This mudra aptly expresses the magnificence of forgiveness, the virtue of forgiving others as well as the inner self. The Varada mudra is one of great generosity. Since, this mudra is a gesture of mercy or granting wishes, it is also referred as 'Boon-Granting' mudra.
Practice of Varada Mudra
Varada mudra is easy to perform. This mudra is rarely used alone, but usually in combination with another made with the right hand, often the Abhaya mudra. This combination of Abhaya and Varada mudras is called Segan Semui-in or Yogan Semui-in in Japan.
In performance of Varada mudra, the left hand is pointed downward and the palm is turned to the front. The right hand is placed on the lap or thigh. The palm of both the hands should be completely exposed to the spectator, open and empty. The five extended fingers in this mudra symbolize generosity, morality, patience, effort and meditative concentration. In the depiction of Hindu gods , this is a preferred posture.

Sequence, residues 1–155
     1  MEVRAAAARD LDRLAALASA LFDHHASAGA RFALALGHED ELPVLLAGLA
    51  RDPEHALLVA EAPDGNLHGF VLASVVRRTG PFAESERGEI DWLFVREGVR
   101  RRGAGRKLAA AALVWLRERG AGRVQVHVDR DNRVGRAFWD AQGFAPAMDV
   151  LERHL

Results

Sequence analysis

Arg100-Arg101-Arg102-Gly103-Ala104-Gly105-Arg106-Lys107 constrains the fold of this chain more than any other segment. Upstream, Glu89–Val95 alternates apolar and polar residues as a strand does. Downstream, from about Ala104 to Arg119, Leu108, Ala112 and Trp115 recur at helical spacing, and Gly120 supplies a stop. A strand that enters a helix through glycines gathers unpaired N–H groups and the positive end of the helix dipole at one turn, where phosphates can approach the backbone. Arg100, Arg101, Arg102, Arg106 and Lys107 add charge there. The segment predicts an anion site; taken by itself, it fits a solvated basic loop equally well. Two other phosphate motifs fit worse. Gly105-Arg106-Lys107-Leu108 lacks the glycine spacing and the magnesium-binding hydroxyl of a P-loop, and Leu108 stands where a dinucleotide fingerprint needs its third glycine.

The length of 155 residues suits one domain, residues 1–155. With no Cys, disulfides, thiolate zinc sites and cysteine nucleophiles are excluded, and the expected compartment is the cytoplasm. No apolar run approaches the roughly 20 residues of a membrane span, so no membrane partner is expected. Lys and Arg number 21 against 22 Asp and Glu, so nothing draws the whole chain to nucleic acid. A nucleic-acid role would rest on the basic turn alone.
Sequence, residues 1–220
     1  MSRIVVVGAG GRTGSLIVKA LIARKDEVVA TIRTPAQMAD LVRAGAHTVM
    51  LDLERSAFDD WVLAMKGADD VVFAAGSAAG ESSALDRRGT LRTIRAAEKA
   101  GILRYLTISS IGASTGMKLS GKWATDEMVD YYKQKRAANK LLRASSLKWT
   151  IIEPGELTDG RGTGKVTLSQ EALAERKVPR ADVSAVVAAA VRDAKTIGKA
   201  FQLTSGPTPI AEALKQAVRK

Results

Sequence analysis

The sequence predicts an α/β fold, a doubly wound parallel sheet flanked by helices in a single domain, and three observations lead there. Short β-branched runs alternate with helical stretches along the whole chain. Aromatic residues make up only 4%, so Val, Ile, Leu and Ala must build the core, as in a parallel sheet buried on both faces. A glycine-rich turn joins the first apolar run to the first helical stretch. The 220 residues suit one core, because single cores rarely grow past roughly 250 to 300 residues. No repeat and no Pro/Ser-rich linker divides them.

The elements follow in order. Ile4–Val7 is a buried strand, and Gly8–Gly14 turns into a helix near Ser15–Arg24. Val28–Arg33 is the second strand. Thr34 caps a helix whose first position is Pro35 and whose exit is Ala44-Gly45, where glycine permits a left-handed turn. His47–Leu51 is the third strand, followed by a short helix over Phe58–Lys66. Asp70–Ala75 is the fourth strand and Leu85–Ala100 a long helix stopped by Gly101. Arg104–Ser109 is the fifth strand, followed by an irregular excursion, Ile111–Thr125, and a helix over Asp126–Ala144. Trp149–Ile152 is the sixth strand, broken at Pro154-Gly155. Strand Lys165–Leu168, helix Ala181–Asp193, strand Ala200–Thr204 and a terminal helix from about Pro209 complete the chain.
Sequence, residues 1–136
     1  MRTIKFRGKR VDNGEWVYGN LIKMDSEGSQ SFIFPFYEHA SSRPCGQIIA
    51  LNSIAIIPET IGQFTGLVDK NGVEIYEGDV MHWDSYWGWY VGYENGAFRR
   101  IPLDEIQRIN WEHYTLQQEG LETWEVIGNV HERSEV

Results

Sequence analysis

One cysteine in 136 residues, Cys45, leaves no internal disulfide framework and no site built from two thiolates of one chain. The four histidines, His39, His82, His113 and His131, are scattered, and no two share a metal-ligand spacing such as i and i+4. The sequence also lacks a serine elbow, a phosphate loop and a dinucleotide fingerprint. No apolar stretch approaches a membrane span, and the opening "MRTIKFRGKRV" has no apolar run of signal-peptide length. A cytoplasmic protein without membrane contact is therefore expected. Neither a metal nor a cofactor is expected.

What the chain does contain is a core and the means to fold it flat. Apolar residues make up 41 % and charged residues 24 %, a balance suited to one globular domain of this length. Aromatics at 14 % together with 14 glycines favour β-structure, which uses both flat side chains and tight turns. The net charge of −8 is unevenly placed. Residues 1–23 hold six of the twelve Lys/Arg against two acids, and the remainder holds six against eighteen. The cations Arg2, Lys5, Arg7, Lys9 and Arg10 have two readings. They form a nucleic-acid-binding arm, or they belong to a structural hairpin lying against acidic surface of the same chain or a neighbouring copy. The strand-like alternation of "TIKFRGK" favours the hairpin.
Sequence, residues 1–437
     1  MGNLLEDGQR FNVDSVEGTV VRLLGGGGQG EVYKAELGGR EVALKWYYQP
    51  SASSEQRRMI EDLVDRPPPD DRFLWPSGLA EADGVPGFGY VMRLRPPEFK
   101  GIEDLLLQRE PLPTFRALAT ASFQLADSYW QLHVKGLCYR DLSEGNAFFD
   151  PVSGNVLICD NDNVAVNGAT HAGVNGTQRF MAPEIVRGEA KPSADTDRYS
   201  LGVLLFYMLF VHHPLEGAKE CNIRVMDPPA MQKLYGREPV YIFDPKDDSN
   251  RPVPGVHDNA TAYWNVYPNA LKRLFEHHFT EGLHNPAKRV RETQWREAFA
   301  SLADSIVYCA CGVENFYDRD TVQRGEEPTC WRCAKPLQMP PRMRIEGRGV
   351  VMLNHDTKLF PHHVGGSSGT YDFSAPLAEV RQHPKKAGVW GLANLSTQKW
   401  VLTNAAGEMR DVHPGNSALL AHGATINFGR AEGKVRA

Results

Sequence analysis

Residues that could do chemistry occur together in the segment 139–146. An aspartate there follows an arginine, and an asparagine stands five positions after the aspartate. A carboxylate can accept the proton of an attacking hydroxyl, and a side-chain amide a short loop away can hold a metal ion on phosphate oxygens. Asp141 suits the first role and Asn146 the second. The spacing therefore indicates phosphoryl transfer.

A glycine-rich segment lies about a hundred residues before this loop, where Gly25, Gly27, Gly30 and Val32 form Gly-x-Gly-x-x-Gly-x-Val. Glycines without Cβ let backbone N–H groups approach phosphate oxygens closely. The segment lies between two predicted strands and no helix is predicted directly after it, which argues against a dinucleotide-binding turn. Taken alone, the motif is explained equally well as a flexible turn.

Benefits of Varada Mudra
In India, the Varada mudra can be seen in the images of Avalokitesvara from the Gupta Period of the 4th and 5th centuries. It can also be observed in the Buddha statues of Southeast Asia. These kinds of mudras are also used by monks in their spiritual exercises of ritual meditation and concentration, and are believed to generate forces that invoke the deity. Indian classical dances too involve this mudra in the dance for portrayal of varied expressions like generosity, forgiveness, kindness etc.